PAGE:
Uncommon Sense

December 12, 2012

We Need Infrastructure Spending Now

Filed under: Economics,Politics — Steve Ruis @ 11:14 am
Tags: , , , ,

Walking to the store yesterday I saw yet another intersection getting wheelchair accessibility modifications. This is not an uncommon occurrence in a city the size of Chicago. And it does bring up a basic fact about infrastructure: the costs of maintenance do not go up linearly with the amount of infrastructure.

To make this clear, think about the cost of putting in a sidewalk to a local government. You already have title to the land, so you just need architects and engineers to determine what to do and how to do it, then you have to contract with a construction company to build the thing and then you need to inspect the work, do all of the paperwork and voila, you have a new sidewalk. The maintenance on that sidewalk is minimal, at first, so you go off and build roads, highways, power poles and lines, whatever your community needs.

But sidewalks do not last forever, they do need maintenance and replacement from time to time, but in the case of this intersection in a Chicago residential neighborhood, those sidewalks were in fine condition, but here they were being torn up and replaced. Now, the cold-hearted might just say that people in wheelchairs just need to cope, but collectively we have decided that it is only fair to redesign the pedestrian accesses to the sidewalks to make them wheelchair friendly. Now think of every intersection in the city of Chicago. The cost of retrofitting them is immense. Our needs change, so the old no longer serves and it must be replaced. So infrastructure upkeep is not just a simple fraction of the cost of construction.

Think about our antiquated electric power grid. It needs to be replaced. Think about whole stretches of our highways and the hundreds of unsafe bridges needing repair. We have fallen behind significantly in the upkeep of our infrastructure, partly because the cost of “maintenance” doesn’t cover the cost of upgrades, etc. We have been budgeting assuming that maintenance is a constant fraction of the cost of the installation and that is woefully underestimating the real cost. Then on top of that we have “deferred” the maintenance, in other words we put it off until a later day because, well, we just don’t have the money right now. And we continue to do so.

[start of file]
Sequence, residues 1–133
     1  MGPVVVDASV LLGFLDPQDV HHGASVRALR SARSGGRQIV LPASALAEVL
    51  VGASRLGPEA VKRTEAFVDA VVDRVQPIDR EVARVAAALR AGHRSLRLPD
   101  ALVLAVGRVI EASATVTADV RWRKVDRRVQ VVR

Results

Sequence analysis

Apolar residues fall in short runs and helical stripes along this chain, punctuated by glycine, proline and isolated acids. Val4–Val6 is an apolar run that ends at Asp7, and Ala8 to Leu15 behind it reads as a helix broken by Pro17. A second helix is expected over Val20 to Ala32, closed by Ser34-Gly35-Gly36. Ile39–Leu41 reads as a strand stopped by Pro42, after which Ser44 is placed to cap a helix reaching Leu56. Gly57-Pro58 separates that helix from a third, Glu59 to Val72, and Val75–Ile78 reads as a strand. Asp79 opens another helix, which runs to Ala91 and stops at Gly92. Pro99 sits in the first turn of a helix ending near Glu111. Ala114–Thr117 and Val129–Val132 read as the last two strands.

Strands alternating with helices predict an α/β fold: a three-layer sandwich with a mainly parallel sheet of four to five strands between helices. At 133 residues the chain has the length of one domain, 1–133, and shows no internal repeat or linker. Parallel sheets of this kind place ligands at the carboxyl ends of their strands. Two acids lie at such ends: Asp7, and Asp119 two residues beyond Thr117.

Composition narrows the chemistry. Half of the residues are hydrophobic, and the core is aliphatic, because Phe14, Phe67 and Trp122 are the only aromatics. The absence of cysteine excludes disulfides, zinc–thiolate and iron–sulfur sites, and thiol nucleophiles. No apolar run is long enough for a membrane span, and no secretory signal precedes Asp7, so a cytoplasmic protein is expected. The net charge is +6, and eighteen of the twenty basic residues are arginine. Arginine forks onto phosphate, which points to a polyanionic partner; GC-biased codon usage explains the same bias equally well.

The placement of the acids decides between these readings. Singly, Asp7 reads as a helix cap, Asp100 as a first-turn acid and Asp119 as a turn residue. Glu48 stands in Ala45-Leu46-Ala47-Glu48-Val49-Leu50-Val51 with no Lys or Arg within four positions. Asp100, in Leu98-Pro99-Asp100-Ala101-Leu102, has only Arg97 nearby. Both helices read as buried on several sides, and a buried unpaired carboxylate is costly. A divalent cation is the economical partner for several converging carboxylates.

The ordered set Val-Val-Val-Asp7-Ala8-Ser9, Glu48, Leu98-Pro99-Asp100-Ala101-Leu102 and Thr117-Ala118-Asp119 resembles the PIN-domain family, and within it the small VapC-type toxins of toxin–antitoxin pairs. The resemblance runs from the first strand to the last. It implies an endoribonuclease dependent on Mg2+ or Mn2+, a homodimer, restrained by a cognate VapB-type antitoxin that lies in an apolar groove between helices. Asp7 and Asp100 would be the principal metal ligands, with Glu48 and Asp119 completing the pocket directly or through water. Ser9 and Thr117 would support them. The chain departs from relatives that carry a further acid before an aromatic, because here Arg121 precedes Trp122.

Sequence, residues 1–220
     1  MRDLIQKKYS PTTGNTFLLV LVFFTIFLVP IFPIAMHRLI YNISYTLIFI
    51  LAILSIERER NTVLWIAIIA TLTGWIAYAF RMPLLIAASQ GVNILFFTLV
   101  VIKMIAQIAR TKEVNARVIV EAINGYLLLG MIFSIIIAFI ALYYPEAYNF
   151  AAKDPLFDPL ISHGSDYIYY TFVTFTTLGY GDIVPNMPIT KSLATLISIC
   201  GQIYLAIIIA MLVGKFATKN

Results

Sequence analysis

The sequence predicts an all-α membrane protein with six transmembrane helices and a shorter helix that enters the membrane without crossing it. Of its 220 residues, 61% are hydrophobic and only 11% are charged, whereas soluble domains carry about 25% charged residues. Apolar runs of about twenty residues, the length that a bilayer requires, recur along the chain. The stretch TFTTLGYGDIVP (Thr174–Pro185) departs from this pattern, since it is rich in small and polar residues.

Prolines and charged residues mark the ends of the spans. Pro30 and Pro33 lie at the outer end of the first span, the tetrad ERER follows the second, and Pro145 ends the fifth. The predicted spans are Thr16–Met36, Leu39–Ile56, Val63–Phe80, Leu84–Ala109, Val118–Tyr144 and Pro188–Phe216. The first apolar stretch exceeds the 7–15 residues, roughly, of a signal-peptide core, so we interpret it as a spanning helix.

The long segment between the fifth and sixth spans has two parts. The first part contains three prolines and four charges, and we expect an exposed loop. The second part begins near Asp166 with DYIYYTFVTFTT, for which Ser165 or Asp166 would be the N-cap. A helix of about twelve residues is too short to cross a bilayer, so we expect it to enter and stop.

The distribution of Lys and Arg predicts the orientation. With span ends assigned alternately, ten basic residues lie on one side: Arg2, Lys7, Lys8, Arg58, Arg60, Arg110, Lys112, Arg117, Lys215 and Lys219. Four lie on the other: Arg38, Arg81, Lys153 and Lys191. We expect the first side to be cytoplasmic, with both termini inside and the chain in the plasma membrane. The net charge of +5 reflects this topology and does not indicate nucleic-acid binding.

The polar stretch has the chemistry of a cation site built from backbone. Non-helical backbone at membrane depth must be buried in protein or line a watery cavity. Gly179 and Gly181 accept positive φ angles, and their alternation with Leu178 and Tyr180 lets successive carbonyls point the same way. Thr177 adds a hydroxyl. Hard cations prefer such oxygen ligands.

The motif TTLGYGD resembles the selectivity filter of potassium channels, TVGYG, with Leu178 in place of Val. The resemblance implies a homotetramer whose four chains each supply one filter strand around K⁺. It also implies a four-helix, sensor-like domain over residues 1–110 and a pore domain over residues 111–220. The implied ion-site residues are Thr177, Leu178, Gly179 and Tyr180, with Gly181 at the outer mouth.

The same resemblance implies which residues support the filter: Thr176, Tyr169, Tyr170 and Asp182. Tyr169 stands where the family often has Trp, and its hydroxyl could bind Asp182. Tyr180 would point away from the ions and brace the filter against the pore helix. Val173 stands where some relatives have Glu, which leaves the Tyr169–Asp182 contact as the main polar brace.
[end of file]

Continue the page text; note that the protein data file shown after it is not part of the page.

Now is the time to act to bring up the level of repair of our infrastructure. The reasons?
• the cost of borrowing the money to do this is approximately 0%. We will never get a better deal.
• the number of out-of-work construction workers is huge which has depressed the cost of labor.
• the money paid to the architects and engineers and laborers and suppliers of raw materials and truck drivers will be spent almost immediately by those folks which will stimulate the economy. Plus there is time for the money those folks spend to be spent again (by the subsequent recipients) before the next year is out, amplifying the effect. (Economists call this the multiplier effect. In this case $1 spend on construction creates well over $1 of economic activity.)
• the problems with our infrastructure will only get worse and will cost even more as time goes on. It is not like they will “heal themselves” like a cold will if you just wait.
• all of the expenditures will go to Americans and American companies. The jobs cannot be “outsourced.”

If China is willing to lend us the money to make this nation stronger, creating jobs that generate more than enough tax revenue to pay off those loans, we will be fools if we don’t act. The more we wait the more it costs us in the long run.


  1. It’s been nearly 15 years since i was last in the States and even then i was utterly amazed (shocked is a better word) at how bad the infrastructure was. Still, a trillion a year on defense must produce something, right 😉


    Comment by john zande — December 20, 2012 @ 1:04 pm | Reply

    • Go ahead, twist the knife! ;o) An applicable statement is “stupid is as stupid does.” And no one in this country paid any attention to Osama bin Laden saying “I am going to bankrupt the U.S.” We just went ahead and let him encourage us to do it, then did it. Amazing.

      Your syntax indicates you now live in England, no? Are you an ex-pat or a Brit who just traveled “over the pond” upon a time?

      You curmudgonly friend,

      Steve Ruis


      Comment by stephenpruis — December 20, 2012 @ 1:34 pm | Reply

      • Actually neither. An Australian in Brazil! We use the Queens English though, and a really handy international decimalised system of measurement called the Metric System 😉 Sorry, let me slip that knife out from your 3rd rib.

        Glad i found your blog. A true diamond!


        Comment by john zande — December 20, 2012 @ 1:59 pm | Reply

        • Good on you, mate! I done heard of that there metric thingamabob, wished my chemistry students had, too.

          I love the fact that we can “converse” across continents without paying some effing corporation a fortunce for the right to do so!



          Comment by stephenpruis — December 20, 2012 @ 2:10 pm | Reply

  2. […] From the web site, Class Warfare Blog: […]


    Pingback by Alec Foege Calls for Change - Pilant's Business Ethics — December 31, 2012 @ 12:52 am | Reply

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